Trump’s “Big Lie” Lost Big in Georgia on Tuesday

Donald Trump lost big in Georgia on Tuesday as primary voters rejected three Republican candidates endorsed by Trump in favor of Republicans who refused to perpetuate the former president’s “Big Lie” about voter fraud in the 2020 presidential election.

Incumbents Gov. Brian Kemp, Secretary of State Brad Raffensperger and Attorney General Chris Carr won their primary elections decisively, with about 74 percent, 52 percent and 74 percent of the vote, respectively. All three candidates are rank-and-file Republicans — with the major distinguishing feature that none of them acquiesced to Trump’s demands to overturn President Joe Biden’s Georgia win in November 2020.

The three politicians had drawn particular ire from Trump, who blamed them for his loss — though Georgia’s 16 electoral votes still wouldn’t have been enough to hand him the election. Still, Trump sought to exercise his influence in the state and, like members of his party have done, to oust politicians who wouldn’t stand by him as he attempted to overthrow the government over his 2020 election loss.

Georgia Republican voters’ decision to send the incumbent politicians to the general election is a sign that Trump’s influence may be waning among his base. While his endorsees have been triumphing in some elections, the Georgia losses are a major blow to his grip on his followers — or at least a blow to his strategy of directing all of the party’s attention toward the 2020 election.

Raffensperger’s win over Rep. Jody Hice (R-Texas) was a particularly surprising result. Raffensperger was on the receiving end of Trump’s infamous call demanding that Georgia election officials find him more votes to win the election. The secretary of state rejected Trump’s demands, and an internal GOP poll found that he would lose handily because of it. Hice, on the other hand, was hand-picked by the former president to oust Raffensperger.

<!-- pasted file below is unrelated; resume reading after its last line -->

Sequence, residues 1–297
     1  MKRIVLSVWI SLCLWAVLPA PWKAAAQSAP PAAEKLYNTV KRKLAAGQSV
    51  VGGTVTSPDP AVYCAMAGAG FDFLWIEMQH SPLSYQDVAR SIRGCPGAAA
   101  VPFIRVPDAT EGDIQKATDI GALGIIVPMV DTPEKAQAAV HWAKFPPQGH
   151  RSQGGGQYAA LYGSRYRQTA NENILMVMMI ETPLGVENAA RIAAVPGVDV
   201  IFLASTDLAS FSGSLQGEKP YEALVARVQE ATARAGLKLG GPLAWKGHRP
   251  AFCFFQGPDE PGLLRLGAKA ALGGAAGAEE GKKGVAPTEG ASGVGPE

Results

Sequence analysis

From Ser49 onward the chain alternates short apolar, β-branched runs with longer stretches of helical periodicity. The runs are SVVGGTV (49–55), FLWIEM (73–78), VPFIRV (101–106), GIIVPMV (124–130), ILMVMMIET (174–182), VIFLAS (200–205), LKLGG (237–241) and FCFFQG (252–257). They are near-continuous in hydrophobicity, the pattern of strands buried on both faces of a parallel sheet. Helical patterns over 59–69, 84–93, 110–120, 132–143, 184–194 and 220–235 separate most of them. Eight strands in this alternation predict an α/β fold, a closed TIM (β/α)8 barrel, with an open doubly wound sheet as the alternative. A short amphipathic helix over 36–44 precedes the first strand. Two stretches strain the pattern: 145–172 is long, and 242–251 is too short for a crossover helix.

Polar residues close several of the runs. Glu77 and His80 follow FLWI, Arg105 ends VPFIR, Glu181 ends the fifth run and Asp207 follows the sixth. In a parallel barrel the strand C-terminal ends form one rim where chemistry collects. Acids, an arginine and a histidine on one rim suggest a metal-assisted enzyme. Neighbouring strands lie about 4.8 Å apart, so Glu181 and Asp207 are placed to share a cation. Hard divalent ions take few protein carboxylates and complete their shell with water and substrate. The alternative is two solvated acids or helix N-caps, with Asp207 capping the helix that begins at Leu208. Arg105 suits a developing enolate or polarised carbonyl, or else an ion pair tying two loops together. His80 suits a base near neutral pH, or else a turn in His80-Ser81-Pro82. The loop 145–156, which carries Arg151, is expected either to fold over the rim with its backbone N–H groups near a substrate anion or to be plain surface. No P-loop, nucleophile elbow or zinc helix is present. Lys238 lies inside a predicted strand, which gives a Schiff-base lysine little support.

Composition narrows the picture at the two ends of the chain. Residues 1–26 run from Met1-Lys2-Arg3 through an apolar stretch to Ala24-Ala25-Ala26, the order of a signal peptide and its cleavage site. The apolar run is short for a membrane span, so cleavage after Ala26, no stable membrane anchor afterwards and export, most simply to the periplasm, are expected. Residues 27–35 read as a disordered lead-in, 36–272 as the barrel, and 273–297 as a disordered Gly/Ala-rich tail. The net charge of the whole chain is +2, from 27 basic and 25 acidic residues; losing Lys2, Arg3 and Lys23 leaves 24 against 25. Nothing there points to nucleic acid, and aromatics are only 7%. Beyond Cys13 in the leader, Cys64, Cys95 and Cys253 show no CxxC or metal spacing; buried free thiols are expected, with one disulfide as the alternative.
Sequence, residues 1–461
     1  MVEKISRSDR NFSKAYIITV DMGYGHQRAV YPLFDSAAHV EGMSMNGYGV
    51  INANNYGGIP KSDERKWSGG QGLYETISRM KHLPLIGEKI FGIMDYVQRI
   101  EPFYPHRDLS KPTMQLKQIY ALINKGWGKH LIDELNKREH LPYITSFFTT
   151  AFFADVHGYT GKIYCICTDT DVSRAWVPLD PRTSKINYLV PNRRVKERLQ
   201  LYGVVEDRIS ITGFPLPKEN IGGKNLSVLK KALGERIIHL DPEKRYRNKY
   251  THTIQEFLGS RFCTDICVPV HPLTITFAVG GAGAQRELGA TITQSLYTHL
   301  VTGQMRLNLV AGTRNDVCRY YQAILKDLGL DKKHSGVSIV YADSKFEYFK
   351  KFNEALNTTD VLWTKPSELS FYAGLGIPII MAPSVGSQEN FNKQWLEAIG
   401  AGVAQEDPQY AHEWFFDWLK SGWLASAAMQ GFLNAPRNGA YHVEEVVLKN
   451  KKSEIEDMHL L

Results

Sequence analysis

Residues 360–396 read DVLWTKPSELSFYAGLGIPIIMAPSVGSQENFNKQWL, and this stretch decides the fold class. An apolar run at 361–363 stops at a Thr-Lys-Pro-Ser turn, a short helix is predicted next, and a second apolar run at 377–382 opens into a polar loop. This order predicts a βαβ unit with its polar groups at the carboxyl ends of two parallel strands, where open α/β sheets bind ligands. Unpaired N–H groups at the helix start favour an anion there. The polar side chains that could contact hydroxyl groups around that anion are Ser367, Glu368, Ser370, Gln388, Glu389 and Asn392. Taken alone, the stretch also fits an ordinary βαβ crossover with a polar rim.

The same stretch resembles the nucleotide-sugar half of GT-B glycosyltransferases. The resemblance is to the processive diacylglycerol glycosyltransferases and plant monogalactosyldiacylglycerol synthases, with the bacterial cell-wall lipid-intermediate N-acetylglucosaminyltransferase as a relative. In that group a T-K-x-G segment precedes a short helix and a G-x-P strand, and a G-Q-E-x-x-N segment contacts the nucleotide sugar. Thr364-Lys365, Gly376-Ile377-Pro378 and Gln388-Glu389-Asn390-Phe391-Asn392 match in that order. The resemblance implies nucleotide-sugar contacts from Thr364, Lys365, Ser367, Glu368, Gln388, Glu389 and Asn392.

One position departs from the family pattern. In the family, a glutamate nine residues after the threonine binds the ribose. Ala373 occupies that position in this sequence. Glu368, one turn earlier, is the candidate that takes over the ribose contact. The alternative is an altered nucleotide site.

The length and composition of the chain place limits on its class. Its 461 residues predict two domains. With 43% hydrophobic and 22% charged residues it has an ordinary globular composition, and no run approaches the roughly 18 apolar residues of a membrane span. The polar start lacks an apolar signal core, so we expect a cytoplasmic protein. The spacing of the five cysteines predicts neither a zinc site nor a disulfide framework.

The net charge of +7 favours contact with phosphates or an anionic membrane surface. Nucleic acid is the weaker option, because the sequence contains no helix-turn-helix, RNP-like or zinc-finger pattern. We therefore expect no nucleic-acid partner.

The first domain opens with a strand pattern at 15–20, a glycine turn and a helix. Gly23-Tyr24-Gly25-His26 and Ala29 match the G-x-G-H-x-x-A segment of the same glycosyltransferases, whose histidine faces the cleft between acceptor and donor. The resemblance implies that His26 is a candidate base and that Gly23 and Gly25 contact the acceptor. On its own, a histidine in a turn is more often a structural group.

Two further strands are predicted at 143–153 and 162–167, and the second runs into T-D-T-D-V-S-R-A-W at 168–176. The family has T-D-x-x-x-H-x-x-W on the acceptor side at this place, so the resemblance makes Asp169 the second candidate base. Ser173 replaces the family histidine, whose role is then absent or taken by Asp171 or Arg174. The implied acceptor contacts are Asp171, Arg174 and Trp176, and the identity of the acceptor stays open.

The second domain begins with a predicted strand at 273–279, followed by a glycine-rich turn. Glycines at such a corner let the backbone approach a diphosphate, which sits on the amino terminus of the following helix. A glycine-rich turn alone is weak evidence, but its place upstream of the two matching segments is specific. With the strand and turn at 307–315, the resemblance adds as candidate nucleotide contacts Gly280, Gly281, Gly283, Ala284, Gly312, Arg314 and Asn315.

“The people of Georgia must replace the [Republicans In Name Only] and weak Republicans who made it all possible,” Trump said at a Georgia rally last year, speaking about Raffensperger. “In particular, your incompetent and strange — eh, there’s something wrong with this guy — your Secretary of State Raffensperger.”

Congressional Republicans’ and other GOP members’ continued obsession with so-called RINOs over the past year makes Trump’s loss even more of a blow; experts say that the loss shows that messaging about the 2020 election just isn’t energizing Republican voters anymore, and that attacks from Trump aren’t enough to sink a candidate.

To be clear, Raffensperger is far from a friend to voting rights. He has taken moves that would impede upon voting rights in the past, including forming a group to root out and criminalize absentee ballot-related voting fraud and allying with conservative voter suppression group True the Vote. Kemp, who signed Georgia Republicans’ sweeping voter suppression bill after the election, and Carr, who supported the law, aren’t civil rights heroes either.

Wins for Carr, who faced Trump’s pick John Gordon, and Kemp, who beat Trump-recruited David Perdue, are less surprising to election experts, but still a show of voters’ priorities. Even as they sought to make it easier for their party to openly bias or even overturn election results in the future, both politicians had rejected Trump’s coup attempts.

“[E]verybody and their dog down in Georgia knows exactly what this means: total, abject humiliation for the former president,” wrote Truthout’s William Rivers Pitt on Monday, before the primary. “If it happens like it seems it will, this one will leave a big, broad mark.”

Meanwhile, on the Democratic side, Stacey Abrams won her uncontested primary election for governor. Abrams, a longtime voting rights advocate, stands in sharp contrast to the Republican candidates. Though she lost to Kemp in her 2018 gubernatorial campaign, the run launched her to Democratic fame, granting her national name recognition — and, perhaps, a better chance at breaking Republicans’ nearly decade-long grip on the governor’s office.

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